The Best Mortar Mix for Coping Stones: Step-by-Step Guide

If you have coping stones on your property, it's important to make sure that they are properly fixed in place. A mortar mix is the best way to do this. In this blog post, we will discuss the best mortar mix for fixing coping stones, as well as how to mix it and how use it. We will also provide a step-by-step guide on how to fix the copings to the top of your wall.

Key Takeaways:

  • Ideal Mortar Mix: Use a three-to-one ratio of sand to cement for a strong bond. Avoid stronger mixes without a plasticiser to keep the mortar workable.
  • Mixing Technique: Mix the mortar thoroughly to achieve a consistent, thick paste-like texture. Adjust with more sand, cement, or water as needed.
  • Preparing the Wall: Ensure the wall is clean, dry, and level before applying mortar. Remove any plants and check for levelness to ensure a smooth installation.
  • Installing Coping Stones: Spread mortar on both the wall and the coping stone's back. Place and tap the stones down with a rubber mallet, ensuring they are level and evenly spaced.
  • Final Steps: After laying the stones, fill the joints with mortar and clean any excess. Allow the mortar to set completely, which may vary from 24 hours to a week depending on weather conditions.

What is a mortar mix?

A mortar mix is a mixture of cement, sand, and water. It is used to bind together bricks, blocks, and stones.

What is the best mortar mix for attaching wall copings?

There are different mortar mixes that can be used for attaching wall copings, but the best one to use is a three-to-one ratio of sand and cement. This mortar mix will provide a strong bond between the coping stones and the wall.

If you go for a stronger mix than a three-to-one ratio, the mix will become very difficult to work with and it becomes increasingly unlikely that you will be able to actually tap your copings into the mix itself. If you are going to go for something stronger, it is important to make sure that you use mortar plasticiser. This product softens the mortar and will ensure that the mortar does not become too hard and difficult to work with. Not to mention, the cost of the extra cement and plasticiser will hurt your pocket.

A weaker mix, such as a five-to-one or a six-to-one mix that some people choose when installing paving, presents its own difficulties. The mortar will be too runny and it will not provide a strong bond between the coping stones and the wall. Therefore, we recommend using a three-to-one ratio of sand and cement.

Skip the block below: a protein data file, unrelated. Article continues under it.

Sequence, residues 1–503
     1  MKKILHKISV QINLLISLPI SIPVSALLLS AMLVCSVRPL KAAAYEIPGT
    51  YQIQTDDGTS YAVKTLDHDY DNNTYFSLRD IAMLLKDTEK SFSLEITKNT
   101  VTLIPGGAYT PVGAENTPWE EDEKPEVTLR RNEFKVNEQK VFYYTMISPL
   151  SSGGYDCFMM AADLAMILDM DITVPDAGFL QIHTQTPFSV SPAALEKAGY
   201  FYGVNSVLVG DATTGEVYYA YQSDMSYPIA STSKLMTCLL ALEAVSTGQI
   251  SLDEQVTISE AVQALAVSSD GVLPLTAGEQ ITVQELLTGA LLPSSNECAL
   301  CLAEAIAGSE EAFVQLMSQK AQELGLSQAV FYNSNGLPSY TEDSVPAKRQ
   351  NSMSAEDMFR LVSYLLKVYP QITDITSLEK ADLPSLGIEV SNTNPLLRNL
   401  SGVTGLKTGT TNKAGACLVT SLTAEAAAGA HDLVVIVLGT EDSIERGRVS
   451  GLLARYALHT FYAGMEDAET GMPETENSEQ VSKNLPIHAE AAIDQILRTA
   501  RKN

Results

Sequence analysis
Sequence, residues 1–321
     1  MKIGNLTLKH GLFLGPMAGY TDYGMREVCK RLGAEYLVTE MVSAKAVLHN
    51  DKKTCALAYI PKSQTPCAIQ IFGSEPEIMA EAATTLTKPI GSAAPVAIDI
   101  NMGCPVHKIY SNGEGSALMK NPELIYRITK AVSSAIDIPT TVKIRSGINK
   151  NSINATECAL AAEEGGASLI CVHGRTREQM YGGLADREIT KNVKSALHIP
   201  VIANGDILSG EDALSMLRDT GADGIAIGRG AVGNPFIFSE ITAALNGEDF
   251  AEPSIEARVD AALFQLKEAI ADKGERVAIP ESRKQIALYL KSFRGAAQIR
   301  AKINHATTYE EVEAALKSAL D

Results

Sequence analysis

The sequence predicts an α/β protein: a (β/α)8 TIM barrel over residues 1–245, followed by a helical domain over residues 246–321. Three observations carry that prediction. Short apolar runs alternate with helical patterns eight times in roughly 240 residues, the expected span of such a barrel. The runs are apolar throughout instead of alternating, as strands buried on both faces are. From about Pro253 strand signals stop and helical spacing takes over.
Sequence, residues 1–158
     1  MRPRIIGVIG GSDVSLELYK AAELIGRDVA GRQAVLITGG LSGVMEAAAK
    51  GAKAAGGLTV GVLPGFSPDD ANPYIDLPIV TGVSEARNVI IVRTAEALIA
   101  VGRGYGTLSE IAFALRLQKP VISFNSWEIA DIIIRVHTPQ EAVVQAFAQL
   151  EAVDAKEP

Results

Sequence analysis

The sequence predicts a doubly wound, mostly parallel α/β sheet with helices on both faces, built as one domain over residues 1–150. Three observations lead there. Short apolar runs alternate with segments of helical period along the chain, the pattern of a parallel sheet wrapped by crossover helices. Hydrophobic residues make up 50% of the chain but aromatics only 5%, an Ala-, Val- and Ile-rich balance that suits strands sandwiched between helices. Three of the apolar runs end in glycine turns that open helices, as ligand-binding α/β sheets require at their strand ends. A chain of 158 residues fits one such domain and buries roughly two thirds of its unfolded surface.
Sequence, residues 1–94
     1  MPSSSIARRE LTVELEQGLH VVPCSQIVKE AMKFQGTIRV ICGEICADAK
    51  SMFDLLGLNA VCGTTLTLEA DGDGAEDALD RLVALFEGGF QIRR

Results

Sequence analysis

Now that we've gone over the best mortar mix for attaching wall copings, let's move on to how to mix it.


How do I mix a mortar mix?

There are a few steps to follow to give you the best chance of creating a good mortar mix nice and quickly:

Step 1. Add the sand and cement to a clean mixing bucket. The proportions should be three-to-one as stated above. The easiest way to measure these proportions is to simply scoop 3 shovels of sand for every 1 shovel of cement.

Step 2. Start adding water. Water will make up a significant amount of the volume of your mix. For every one-part sand & cement mix, you need to add approximately 4 parts of water. The water element isn't an exact amount, but it should be enough to help you create what feels like a "paste".

Step 3. Slowly add the water to the sand & cement, mixing constantly. The perfect mortar mix should resemble a thick paste. If it's too runny, add more sand and cement. If it's too dry and crumbly, add more water.


What is the best way to mix your ingredients?

Mixing your mortar can be tricky. It's not like dissolving sand and cement in water, it will be quite difficult to mix, so be ready to put a bit of a shift in. If you don't have a cement mixer (which not many of us do!) a large wheelbarrow is going to be your best friend.

Step 4. Add the ingredients in the above portions and then take out a large shovel, or a trowel. Slowly start mixing everything together, making sure to move the mortar around so that it doesn't set in one spot. Keep mixing and mixing. Imagine the rotations this mix would get in a cement mixer – you’ve got to recreate this amount of mixing with your hands. It is sadly not a quick job.